A former Palau President and a lawmaker supported Koror’s highest ranking matriarch, Bilung Gloria Salii’s, imposition of fines against individuals in viral explicit videos, pointing out that Palau’s constitution guarantees the role and function of a traditional leader.

Former Palau President Johnson Toribiong, who is one of the framers of Palau’s Constitution, and Senator Uduch Sengebau Senior, who chairs the Senate Committee on Culture and Tradition, came to the defense of the traditional leader when some individuals raised the issue of violation of free speech after the Bilung imposed fines against individuals who were involved in explicit videos that were circulating online.

Both cited Section 1, Article 5 of Palau’s Constitution which provides that” the government shall take no action to prohibit or revoke the role or function of a traditional leader as recognized by custom and tradition which is not inconsistent with this Constitution, nor shall it prevent a traditional leader from being recognized, honored, or given formal or functional roles at any level of government.”

Former President Toribiong said that he respects the Bilung for “having the courage to be the voice of morality” and “collective values against indecent, immoral, or shameful conduct.”

Toribiong said that the people shown in explicit videos had brought contempt and reproach to the people of Palau.

“What they were doing, to me, may be appropriate behind closed doors but does commit what I call public indecent exposure,” Toribiong said.

Toribiong added that there should be a limit to freedom of speech and expression and that the limit should be the Palauans’ collective moral values and traditional respect for their culture.

“Those people submitted to the imposition of the fines. The issue is moot. The debates are all in vain. But the issue whether or not Bilung can impose such fines can be seen from the younger people who think that democracy and freedom of speech and freedom of expression supersede our traditional values… I think there should be a limit to that and I think the limit is our collective moral values and traditional respect for our culture,” Toribiong said.

According to Toribiong, Bilung has spoken on behalf of all Palauan mothers when she imposed the fines against the questioned individuals.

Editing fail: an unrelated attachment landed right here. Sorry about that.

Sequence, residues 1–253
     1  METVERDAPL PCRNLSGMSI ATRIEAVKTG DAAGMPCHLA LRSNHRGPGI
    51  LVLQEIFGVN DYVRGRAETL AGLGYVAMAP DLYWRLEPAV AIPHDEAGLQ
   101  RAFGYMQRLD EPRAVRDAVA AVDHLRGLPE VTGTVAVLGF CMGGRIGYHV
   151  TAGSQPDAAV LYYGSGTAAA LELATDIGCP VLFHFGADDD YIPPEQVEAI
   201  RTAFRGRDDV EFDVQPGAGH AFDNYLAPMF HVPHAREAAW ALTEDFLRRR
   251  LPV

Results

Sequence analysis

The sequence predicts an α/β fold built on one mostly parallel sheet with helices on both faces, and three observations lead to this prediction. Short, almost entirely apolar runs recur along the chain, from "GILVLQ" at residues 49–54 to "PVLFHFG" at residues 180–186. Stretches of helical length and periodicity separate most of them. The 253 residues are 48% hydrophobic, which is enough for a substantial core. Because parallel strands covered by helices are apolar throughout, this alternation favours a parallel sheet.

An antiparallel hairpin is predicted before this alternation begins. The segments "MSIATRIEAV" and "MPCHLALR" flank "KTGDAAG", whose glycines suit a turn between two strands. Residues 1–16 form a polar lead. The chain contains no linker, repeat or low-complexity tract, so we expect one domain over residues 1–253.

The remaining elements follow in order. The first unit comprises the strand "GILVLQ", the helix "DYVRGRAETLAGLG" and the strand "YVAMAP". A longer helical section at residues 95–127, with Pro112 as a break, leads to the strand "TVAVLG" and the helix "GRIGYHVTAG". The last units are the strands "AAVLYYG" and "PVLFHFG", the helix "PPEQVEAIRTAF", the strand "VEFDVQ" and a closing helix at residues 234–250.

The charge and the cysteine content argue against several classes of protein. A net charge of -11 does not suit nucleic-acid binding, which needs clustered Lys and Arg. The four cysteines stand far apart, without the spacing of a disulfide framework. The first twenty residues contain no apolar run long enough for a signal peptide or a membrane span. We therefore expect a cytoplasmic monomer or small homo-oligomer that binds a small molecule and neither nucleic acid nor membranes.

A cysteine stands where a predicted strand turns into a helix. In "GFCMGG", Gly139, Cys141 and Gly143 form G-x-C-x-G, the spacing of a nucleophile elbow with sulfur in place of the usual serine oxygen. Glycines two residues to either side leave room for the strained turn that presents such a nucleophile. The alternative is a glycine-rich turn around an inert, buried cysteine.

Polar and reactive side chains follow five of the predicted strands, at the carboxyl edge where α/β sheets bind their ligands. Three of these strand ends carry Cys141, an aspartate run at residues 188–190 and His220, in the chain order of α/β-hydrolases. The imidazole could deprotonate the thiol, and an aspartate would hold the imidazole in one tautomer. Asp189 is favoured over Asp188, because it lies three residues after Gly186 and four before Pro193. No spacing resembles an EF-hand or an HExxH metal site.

“The fact that they (fined individuals) did not resist Bilung and paid the fines means there is a tradition that’s enforced in the faith of this country,” Toribiong said.

Toribiong also said that freedom of speech has a limit and that he is glad that the Bilung imposed the fines. He also believes that there is no need for Palau to establish a separate court to deal with matters of traditional laws, explaining further that these should be left to the traditional leaders to exercise their rights.

Meanwhile, Senator Senior also re-echoed Toribiong’s position on the issue, saying that Bilung’s assessing of fines against the individuals in question “does not run afoul of the constitution.”

Senior also pointed out that free speech can be regulated if it falls within the bounds of obscenity. She explained that there should be a balancing act between one’s right to free expression versus the prurient or obscene.

Senior, however, admitted that there is a loophole in Palau’s current democratic law and that this is what they are trying to address through a legislation.

Palau, according to Senior, currently does not have a legislation that prohibits an individual from sharing pornographic content just for the “pleasure of sharing it.”

Senior also said that she believes that Palau’s statutory law supports what the Bilung did.

Senior shared that the twenty-first amendment to Palau’s constitution added a third section under Article 5 that mandates the government to take “affirmative action to assist traditional leaders in the preservation, protection, promotion of Palauan heritage, culture, languages.”

The senator also said that there is currently no statute that prohibits the Bilung from imposing the fines.

“So even though we’re saying, our individual right, freedom of expression, is guaranteed under article 4 of the constitution but there is nothing that prevents Bilung from assessing this traditional fine,” Senior said.

But Senior was also quick to add that Bilung did not fine the questioned individuals for violating a statutory law but only because their conducts were not in conformity with the traditional Palauan values.

“Because that did not comply or is not consistent [and] does not reflect our traditional values, she is within her authority to assess a fine,” Senior said. (Rhealyn C. Pojas)